Station #5 “Immortal Image” draws attention to the stone carving on the Drhumor Building (1895). The face of a local merchant who stopped by to watch the stone carvers working is included in the carving.
Station #6 “Elizabeth Blackwell” is a bench with shows medicinal herbs honoring resident, Elizabeth Blackwell, the first female in the country to receive a medical degree starting her studies here. She formed the world’s first 4-year medical college for women in 1857. On the base of the oval frame, I saw that people were putting coins there. Maybe they made a wish.
Station #7 “Deco Masterpiece” recognizes the 1929 S & W Building . A studio in Venice, Italy shipped the finished mosaic back to Asheville. The architecture on this building was amazing from top to bottom.
We stayed in the same 2-block area and most of the stations were easy to recognize. Some were a little more obscure and we had to look harder to find them. Station #24 “Time Remembered” shows where a time capsule is buried. It won’t be opened until 2047. It was placed during Asheville’s bicentennial 1997-98.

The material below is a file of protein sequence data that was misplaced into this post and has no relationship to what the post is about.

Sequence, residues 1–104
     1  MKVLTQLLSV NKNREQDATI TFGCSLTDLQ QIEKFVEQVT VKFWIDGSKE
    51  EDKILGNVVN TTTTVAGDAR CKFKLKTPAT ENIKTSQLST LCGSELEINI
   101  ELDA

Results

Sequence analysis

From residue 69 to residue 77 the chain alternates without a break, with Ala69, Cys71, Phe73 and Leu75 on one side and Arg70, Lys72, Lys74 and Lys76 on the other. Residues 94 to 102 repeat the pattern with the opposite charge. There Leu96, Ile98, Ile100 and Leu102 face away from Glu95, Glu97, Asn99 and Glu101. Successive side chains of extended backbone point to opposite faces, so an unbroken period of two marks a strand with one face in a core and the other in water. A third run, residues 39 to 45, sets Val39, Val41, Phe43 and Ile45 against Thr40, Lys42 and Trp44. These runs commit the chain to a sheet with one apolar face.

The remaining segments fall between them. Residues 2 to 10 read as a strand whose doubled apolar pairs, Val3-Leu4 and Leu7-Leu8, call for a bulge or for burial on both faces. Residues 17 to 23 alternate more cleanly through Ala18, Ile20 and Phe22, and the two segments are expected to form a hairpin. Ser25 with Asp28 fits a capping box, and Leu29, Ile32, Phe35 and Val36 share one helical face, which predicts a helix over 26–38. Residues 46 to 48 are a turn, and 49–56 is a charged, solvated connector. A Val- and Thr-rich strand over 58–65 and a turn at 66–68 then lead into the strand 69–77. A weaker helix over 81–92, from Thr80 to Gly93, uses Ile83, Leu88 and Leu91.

Station #25 “Ellington’s Dream” depicts Douglas Ellington’s concept of 2 buildings of the government sitting side-by-side. In reality, only the City Building followed the plan. Feathers in the plaque honor the Cherokee Indians in these mountains.
The art deco of the City Hall building designed by Douglas Ellington reflects the textures of the mountains and the pink soil of North Carolina.
Station #26 “Past and Promise” represents the promise of youth and memories of times past when children played in the Square as seen by this little girl getting a drink from the water fountain.
Station #27 “Monument Corner” is represented by the carving tools and a work in progress. The tombstone shop sat on this corner where the first skyscraper, the Jackson Building (1926), in Asheville now sits.
The skies darkened and it looked like the rain was moving in, so we called an end to our tour. As we left the parking lot, we stumbled onto Station #19 “Dixieland” which was located right across from the gate we stopped at to pay for parking. Dixieland is a bronze version of novelist, Thomas Wolfe’s shoes laid out in front of his mother’s boarding house. He lived in the house until leaving Asheville in 1924.